[Haskell-cafe] Comments from OCaml Hacker Brian Hurt

Ketil Malde ketil at malde.org
Fri Jan 16 04:15:37 EST 2009

On Thu, Jan 15, 2009 at 07:46:02PM +0000, Andrew Coppin wrote:

> If we *must* insist on using the most obscure possible name for  
> everything, 

I don't think anybody even suggests using obscure names.  Some people
insist on precise names.  

The problem is that many Haskell constructs are so abstract and so
general that precise names will be obscure to anybody with no
background in logic (existential quantification), algebra (monoid) or
category theory (monad).  This level of abstraction is a great
benefit, since it allows reuse of code and concepts, but the problem
is internalizing the abstraction and learning to recognize how it
works for different concrete data types.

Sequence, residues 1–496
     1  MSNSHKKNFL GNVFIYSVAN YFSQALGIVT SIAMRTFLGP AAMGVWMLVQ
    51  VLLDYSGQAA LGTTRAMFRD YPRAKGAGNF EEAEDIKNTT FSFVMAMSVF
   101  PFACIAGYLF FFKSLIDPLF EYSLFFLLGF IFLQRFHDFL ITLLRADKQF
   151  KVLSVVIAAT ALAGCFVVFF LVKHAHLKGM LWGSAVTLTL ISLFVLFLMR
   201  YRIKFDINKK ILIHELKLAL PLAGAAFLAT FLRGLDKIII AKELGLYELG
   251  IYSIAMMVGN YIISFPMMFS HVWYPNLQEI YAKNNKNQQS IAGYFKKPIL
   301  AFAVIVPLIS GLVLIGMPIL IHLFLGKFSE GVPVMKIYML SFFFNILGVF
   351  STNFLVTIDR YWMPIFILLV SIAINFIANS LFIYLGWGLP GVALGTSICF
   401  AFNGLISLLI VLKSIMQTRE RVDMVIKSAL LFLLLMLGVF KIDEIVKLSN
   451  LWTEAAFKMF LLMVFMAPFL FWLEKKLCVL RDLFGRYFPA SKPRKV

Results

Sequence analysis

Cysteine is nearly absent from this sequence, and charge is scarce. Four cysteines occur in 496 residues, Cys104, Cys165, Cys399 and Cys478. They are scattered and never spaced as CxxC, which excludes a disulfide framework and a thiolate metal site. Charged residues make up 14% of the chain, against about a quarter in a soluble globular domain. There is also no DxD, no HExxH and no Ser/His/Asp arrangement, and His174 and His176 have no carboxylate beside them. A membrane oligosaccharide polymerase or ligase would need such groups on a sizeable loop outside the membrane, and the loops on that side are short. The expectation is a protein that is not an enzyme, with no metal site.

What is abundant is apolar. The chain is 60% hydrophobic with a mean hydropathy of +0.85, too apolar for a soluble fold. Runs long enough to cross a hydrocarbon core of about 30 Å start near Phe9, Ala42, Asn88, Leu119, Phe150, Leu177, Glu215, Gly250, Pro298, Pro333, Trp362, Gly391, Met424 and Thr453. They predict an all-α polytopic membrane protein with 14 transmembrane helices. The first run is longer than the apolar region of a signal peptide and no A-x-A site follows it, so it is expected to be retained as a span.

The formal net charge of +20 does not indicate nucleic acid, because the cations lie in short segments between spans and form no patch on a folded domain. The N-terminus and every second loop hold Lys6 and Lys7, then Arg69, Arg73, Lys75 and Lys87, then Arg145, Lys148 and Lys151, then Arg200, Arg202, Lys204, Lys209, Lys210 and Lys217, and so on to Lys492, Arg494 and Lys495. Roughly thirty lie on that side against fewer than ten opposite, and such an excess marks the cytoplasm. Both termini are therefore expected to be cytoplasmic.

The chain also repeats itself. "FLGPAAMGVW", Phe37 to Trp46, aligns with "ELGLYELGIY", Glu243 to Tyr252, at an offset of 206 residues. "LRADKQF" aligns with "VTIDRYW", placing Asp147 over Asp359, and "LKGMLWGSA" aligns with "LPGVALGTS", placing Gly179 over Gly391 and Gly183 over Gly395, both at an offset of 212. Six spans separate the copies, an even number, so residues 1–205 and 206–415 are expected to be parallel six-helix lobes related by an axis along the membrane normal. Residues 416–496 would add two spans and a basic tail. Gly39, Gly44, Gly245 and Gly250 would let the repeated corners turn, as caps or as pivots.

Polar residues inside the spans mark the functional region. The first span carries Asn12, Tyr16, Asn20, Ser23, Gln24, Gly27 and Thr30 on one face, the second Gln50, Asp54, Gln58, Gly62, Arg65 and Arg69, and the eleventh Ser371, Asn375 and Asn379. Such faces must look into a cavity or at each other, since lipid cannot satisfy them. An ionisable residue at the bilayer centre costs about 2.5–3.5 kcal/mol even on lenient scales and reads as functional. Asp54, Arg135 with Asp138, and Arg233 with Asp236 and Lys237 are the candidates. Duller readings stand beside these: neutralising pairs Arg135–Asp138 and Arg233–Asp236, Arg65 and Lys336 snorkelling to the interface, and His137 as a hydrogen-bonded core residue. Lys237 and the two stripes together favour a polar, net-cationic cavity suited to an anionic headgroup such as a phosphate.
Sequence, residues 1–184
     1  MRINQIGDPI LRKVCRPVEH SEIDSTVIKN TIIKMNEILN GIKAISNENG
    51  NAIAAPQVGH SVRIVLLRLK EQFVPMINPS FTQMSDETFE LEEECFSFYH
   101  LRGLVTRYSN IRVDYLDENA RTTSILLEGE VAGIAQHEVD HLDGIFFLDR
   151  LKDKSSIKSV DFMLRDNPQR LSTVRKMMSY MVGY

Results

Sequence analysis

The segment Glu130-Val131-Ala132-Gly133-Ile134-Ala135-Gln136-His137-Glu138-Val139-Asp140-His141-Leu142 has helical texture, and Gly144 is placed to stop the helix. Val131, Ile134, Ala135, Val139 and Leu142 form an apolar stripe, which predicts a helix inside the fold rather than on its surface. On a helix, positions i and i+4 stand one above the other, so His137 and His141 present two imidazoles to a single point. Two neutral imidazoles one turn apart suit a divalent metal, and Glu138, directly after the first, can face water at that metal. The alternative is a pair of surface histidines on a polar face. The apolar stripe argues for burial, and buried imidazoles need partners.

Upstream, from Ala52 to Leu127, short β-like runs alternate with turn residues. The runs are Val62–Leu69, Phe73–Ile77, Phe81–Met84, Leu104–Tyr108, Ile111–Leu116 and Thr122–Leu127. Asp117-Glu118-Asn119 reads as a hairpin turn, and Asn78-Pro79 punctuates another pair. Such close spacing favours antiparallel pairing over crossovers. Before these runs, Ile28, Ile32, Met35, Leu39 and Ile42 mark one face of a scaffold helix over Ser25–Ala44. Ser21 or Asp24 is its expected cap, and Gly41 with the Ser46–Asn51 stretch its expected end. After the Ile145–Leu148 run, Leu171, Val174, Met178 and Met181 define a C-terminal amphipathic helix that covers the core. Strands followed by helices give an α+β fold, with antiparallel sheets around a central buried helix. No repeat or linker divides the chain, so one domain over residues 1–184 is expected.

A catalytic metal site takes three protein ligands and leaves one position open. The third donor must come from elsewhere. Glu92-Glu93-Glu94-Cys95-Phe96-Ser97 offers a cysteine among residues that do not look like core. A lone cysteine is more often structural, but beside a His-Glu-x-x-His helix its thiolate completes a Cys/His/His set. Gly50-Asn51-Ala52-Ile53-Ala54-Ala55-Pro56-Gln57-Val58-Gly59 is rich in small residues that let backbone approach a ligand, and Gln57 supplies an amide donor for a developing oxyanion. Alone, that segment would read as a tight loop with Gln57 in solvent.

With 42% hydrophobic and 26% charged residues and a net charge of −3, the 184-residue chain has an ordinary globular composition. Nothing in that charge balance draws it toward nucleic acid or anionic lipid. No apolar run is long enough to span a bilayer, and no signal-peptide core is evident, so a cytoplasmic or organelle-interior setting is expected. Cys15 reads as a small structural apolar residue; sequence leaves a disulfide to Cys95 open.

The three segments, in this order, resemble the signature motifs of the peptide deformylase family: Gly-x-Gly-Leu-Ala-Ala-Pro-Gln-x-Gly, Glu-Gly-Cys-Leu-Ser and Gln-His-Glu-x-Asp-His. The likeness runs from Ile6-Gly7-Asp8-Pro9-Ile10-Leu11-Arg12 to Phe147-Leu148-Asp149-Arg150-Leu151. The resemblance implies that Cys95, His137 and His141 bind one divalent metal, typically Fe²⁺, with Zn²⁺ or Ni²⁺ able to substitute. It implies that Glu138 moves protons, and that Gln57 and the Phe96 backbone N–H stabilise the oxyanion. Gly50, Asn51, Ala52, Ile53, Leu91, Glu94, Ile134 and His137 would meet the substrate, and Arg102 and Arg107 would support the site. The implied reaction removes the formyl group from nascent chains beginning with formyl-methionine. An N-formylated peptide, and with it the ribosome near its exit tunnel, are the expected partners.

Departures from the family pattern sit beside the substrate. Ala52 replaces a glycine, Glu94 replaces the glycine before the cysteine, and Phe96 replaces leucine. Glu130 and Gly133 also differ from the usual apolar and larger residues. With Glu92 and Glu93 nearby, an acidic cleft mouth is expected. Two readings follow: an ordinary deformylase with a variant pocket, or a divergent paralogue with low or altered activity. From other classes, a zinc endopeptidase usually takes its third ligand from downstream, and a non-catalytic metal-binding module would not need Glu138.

As pointed out numerouos times, calling Monoids "Appendable" would be
wildly misleading.  But I think the real problem here is learning and
understandig very abstract concepts, not the names.

> can we at least write some documentation that doesn't require a PhD
> to comprehend?  

I agree (with everybody) that documentation is lacking.  Referring to
category theory, logic, or scientific papers is good, but leaving it
at that is pure intellectual terrorism.

Good documentations should: 1. describe the abstraction and 2. list
instances with examples for each.  For extra credit also include a
section with excercises - and I'm only half joking here.

> (Anybody who attempts to argue that "monoid" is not actually an
> obscure term has clearly lost contact with the real world.)

Anybody who calls Monoids "Appendable" has clearly lost contact with
their programming language :-)

If I haven't seen further, it is by standing in the footprints of giants

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